Lowry loved Berwick-upon-Tweed, which lies on the border of Northumberland and Scotland, and painted this picture when he was ordered by his doctor to the coastal town to get some fresh air and take a breather from looking after his unwell mother.
Cambridgeshire County Council took the decision to sell a number of valuable works from its collection in 2006. The Lowry is the last from that batch to be sold.
Councillor David Harty, its member for learning, said: "The painting was a shrewd investment by Henry Morris on behalf of Cambridgeshire County Council more than 60 years ago, and we believe the time is now right to sell it."The life and times of Artist L.S.Lowry.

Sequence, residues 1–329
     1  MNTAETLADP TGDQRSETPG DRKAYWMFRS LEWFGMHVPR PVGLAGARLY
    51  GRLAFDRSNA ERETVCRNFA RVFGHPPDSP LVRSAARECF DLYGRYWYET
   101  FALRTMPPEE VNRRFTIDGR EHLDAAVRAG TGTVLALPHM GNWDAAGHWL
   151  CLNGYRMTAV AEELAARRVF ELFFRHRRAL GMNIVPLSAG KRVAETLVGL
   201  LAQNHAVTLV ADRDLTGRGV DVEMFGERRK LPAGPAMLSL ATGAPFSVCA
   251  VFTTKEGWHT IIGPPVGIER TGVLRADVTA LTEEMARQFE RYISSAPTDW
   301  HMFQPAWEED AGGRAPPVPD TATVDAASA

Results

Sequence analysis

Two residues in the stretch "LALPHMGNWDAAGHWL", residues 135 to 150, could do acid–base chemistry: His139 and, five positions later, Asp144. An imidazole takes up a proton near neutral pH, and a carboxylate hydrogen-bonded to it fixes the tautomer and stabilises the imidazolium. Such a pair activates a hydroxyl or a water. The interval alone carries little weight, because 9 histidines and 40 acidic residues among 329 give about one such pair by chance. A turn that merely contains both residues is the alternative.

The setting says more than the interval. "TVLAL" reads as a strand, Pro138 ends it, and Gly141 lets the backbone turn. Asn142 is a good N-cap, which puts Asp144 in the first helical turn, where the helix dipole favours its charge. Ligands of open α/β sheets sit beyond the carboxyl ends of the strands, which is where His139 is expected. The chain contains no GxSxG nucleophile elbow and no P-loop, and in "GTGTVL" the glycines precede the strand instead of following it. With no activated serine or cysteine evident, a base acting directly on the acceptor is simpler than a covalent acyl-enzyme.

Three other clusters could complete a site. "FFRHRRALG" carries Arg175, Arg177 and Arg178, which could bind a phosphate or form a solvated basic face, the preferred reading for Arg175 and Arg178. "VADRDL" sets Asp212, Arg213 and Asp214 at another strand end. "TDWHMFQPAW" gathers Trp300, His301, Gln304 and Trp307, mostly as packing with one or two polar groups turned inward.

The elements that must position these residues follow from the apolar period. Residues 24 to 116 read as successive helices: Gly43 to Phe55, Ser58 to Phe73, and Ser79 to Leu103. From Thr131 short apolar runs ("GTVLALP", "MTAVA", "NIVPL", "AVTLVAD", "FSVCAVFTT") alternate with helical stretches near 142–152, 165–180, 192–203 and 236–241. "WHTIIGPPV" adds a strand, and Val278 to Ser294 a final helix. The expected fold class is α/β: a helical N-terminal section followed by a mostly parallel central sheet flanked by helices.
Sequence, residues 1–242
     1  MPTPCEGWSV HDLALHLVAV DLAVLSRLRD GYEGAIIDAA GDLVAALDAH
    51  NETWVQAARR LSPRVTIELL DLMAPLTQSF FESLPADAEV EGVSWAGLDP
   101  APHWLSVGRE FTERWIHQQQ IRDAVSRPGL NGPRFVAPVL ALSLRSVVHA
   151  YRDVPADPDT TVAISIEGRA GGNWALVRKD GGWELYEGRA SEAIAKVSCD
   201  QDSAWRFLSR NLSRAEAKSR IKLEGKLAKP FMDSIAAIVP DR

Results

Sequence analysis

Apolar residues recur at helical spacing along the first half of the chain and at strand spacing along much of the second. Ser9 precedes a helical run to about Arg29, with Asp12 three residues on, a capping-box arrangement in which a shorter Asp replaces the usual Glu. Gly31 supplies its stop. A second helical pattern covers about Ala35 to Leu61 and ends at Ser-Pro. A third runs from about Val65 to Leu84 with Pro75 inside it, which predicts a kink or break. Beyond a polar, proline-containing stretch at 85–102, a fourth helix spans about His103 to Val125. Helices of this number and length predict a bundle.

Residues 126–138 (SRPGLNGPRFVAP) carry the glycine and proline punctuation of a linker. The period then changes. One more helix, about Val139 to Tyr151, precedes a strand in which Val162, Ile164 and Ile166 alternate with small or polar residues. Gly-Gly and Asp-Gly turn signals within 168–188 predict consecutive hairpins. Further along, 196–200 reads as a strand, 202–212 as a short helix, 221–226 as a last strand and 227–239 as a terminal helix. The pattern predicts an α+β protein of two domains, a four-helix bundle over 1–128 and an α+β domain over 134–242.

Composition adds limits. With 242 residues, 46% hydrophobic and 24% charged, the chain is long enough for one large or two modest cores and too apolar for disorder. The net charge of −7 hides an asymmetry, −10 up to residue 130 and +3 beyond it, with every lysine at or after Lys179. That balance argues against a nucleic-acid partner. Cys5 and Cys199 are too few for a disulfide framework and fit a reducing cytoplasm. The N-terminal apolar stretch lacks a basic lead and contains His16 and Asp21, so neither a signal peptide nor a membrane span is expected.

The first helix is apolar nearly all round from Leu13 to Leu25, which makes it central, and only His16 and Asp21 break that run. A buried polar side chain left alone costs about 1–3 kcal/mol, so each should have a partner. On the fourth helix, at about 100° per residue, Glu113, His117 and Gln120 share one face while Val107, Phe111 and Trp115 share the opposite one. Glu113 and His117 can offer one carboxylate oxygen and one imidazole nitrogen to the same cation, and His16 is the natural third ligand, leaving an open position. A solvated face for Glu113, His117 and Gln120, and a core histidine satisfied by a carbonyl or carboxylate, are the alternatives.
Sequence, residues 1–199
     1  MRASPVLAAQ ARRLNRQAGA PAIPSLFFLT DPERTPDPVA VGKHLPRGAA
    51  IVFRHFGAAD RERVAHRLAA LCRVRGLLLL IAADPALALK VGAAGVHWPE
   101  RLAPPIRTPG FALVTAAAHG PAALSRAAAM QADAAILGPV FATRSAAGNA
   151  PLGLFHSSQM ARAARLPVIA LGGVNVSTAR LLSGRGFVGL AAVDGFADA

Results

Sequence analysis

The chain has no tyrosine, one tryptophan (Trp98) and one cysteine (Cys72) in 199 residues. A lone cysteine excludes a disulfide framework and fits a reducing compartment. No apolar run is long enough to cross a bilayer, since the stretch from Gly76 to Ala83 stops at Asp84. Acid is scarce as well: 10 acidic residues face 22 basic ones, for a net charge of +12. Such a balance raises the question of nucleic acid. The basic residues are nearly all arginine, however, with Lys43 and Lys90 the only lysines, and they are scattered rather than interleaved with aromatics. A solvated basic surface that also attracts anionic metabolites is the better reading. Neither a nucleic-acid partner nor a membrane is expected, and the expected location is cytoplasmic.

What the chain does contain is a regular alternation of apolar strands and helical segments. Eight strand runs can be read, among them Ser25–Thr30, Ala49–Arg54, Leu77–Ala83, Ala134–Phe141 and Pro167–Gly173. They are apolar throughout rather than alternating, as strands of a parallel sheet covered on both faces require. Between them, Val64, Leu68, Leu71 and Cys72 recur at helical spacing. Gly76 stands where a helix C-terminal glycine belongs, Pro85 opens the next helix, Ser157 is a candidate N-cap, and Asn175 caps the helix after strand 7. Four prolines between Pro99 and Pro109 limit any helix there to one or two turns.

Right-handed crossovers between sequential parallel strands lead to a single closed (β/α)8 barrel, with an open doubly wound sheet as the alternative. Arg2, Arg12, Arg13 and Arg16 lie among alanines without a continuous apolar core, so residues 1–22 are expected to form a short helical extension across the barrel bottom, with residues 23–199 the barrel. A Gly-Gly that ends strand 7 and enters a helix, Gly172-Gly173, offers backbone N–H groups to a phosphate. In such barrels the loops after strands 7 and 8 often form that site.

Throughout the early years L.S.Lowry lived in Victoria Park, the suburbs of Manchester. Due to lack of money
the family moved to Station Road, Pendlebury.
There, the tree lined streets changed to factory chimneys. Lowry recalled "At first I detested it, and then, after years, became pretty interested in it, eventually obsessed by it". he saw the subjects for his paintings all around him. In Lowry's later life, L.S.L. recalled a particular event. "One day after missing a train from Pendlebury (a local town) I had ignored for seven years, and on leaving the station, saw the Acme Spinning Company's mill.
The huge black framework of rows of yellow lit windows standing up against the sad, damp charged afternoon sky. The mill was turning out. "Gazing at this scene, which I'd looked at many times without seeing, with rapture."